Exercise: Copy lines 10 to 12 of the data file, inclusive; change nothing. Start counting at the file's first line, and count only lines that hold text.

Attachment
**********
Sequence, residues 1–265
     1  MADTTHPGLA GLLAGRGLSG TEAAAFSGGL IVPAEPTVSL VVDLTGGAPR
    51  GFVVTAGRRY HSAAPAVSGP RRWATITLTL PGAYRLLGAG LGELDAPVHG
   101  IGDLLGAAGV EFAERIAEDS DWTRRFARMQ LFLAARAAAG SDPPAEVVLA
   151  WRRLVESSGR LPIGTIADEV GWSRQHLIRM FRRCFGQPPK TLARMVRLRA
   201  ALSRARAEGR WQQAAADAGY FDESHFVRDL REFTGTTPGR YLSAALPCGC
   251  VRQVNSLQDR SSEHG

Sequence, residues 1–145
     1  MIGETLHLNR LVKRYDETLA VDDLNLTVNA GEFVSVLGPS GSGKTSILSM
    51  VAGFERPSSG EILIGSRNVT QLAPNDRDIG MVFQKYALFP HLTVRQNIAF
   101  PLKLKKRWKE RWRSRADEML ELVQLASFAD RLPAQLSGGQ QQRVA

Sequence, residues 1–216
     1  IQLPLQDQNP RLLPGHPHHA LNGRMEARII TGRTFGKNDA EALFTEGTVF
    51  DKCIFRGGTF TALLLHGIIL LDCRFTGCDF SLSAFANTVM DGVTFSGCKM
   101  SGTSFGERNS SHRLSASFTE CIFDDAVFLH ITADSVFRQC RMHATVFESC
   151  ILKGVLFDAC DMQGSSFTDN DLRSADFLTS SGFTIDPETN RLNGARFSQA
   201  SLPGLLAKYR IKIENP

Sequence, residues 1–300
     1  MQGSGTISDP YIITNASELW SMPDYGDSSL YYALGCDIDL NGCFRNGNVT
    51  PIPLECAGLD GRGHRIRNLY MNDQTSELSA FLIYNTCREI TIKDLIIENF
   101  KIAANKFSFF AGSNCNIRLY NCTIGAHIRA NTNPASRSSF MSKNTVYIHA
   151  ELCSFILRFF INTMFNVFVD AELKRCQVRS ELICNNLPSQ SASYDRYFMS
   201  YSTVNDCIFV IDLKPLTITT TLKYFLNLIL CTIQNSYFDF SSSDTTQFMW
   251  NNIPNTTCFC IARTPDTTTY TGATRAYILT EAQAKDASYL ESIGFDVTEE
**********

    51  VAGFERPSSG EILIGSRNVT QLAPNDRDIG MVFQKYALFP HLTVRQNIAF
   101  PLKLKKRWKE RWRSRADEML ELVQLASFAD RLPAQLSGGQ QQRVA

Sequence, residues 1–216